We've also included a new "Cyber Security Checklist," sample alerts marked up to highlight what makes them effective (or not), and a more detailed and illustrated version of our popular tip sheet, "How to Create a "Bcc" Email List.
The Reader can be downloaded in PDF or two versions of Word. You will find it on our web site at http://www.netaction.org/training/versions.html.
NetAction is pleased to be a cooperating organization of the 12th Conference on Computers, Freedom and Privacy, which is scheduled for April 16-19, 2002, in San Francisco.
Guest speakers at the conference include California Attorney General Bill Lockyer, California State Senator Jackie Speier, and U.S. Federal Trade Commission Chairman Timothy J. Muris.
Complete information on the conference is on the web at: http://www.cfp2002.org.
A great new resource with information about some of the more technical aspects of Internet activism is now available online in "The eNonprofit: A Guide to ASPs, Internet Services, and Online Software." The guide was written by Michael Stein and John Kenyon, and is available through CompassPoint Nonprofit Services.
"The eNonprofit" includes information on technology companies that provide software services to nonprofit organizations. Known as Application Service Providers (ASPs), these companies provide software tools for a wide variety of interactive features that can be used on nonprofit web sites, such as web fax servers and petitions, and web donation forms.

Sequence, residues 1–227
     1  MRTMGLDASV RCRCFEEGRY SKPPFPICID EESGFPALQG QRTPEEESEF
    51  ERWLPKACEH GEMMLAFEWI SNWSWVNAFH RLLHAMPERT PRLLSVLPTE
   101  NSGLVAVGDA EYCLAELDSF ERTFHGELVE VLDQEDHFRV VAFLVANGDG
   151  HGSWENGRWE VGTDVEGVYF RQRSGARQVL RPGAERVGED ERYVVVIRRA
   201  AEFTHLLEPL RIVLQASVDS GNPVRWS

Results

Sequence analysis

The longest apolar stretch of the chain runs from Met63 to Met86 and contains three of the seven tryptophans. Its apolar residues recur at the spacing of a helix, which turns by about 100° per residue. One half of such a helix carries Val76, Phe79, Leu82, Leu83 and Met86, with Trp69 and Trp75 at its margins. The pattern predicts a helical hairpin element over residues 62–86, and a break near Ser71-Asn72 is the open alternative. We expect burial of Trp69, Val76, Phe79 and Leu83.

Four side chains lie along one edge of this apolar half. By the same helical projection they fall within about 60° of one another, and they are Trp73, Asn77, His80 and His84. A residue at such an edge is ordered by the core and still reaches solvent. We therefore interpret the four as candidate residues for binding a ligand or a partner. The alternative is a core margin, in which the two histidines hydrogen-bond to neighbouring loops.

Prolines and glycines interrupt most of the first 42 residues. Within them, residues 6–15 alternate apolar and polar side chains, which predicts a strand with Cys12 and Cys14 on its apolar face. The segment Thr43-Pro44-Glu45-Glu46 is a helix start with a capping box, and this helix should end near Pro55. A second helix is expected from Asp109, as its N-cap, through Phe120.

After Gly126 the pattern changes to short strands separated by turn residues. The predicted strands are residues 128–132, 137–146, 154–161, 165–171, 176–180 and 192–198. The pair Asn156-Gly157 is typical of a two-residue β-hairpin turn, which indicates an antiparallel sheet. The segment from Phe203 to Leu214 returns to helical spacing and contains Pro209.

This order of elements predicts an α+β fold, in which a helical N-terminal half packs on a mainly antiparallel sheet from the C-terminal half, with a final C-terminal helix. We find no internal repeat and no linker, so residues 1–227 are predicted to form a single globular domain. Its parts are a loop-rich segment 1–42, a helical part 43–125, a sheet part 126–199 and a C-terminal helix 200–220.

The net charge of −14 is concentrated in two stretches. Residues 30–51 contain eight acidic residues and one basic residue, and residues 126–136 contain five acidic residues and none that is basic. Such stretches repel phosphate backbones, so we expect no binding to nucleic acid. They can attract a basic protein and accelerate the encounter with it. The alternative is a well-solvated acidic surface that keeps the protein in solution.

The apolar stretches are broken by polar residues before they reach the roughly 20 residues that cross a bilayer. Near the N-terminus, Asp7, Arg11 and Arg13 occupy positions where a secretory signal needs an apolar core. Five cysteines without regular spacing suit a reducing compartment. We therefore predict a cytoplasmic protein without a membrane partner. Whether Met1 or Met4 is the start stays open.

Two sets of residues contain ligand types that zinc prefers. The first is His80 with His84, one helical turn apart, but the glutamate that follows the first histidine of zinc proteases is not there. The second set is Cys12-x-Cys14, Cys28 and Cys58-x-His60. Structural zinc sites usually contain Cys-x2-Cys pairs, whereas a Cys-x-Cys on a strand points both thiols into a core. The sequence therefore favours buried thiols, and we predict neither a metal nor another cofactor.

The guide is user-friendly enough for beginners and includes a glossary and list of resources in addition to a directory of services available through ASPs. It can be downloaded for free from http://www.compasspoint.org/enonprofit. Print copies can be ordered for a fee.
NetAction Notes is a free electronic newsletter, published by NetAction. NetAction is a California-based non-profit organization dedicated to promoting use of the Internet for grassroots citizen action, and to educating the public, policy makers, and the media about technology policy issues.